By Caroline Valetkevitch
NEW YORK (Reuters) – U.S. stocks slipped on Wednesday following a Reuters report the U.S.-China trade deal could be delayed until December.
A senior official of the Trump administration said a meeting between U.S. President Donald Trump and Chinese President Xi Jinping to sign a long-awaited interim trade deal could be delayed until December, as discussions continue over terms and a venue.
Stocks were mostly flat before the report, pausing after their recent run to record highs.
The year end is typically a bullish time for stocks, but the trade war is still a risk, said Quincy Krosby, chief market strategist at Prudential Financial (NYSE:) in Newark, New Jersey.
Also, “there’s been concern the market was moving toward overbought conditions,” she said.
The Dow Jones Industrial Average () fell 36.34 points, or 0.13%, to 27,456.29, the S&P 500 () lost 3.93 points, or 0.13%, to 3,070.69 and the Nasdaq Composite () dropped 39.58 points, or 0.47%, to 8,395.10.
The recent rally had been fueled by signs of progress in trade talks between the United States and China and a mostly upbeat earnings season.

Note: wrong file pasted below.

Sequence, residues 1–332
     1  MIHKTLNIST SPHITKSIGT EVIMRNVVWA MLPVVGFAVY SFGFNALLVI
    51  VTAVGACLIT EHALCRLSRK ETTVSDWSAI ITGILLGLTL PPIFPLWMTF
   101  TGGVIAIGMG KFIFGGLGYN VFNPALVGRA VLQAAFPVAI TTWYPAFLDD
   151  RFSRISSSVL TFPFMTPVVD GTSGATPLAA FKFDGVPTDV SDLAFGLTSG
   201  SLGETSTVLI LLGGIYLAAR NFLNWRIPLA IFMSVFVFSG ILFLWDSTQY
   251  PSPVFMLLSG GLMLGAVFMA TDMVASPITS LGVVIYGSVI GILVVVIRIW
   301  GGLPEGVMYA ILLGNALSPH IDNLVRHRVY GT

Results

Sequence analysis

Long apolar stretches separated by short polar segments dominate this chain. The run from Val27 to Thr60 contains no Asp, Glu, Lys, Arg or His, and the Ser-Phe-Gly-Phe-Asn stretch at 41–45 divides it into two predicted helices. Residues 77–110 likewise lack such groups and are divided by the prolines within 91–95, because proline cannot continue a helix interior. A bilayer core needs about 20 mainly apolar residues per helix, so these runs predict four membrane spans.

The S&P 500 energy index () fell 1.9% following declines in oil prices, while the S&P tech index () was down 0.2%.
Declining issues outnumbered advancing ones on the NYSE by a 1.24-to-1 ratio; on Nasdaq, a 1.78-to-1 ratio favored decliners.
The S&P 500 posted 11 new 52-week highs and 1 new low; the Nasdaq Composite recorded 55 new highs and 48 new lows.
Fusion Media or anyone involved with Fusion Media will not accept any liability for loss or damage as a result of reliance on the information including data, quotes, charts and buy/sell signals contained within this website. Please be fully informed regarding the risks and costs associated with trading the financial markets, it is one of the riskiest investment forms possible.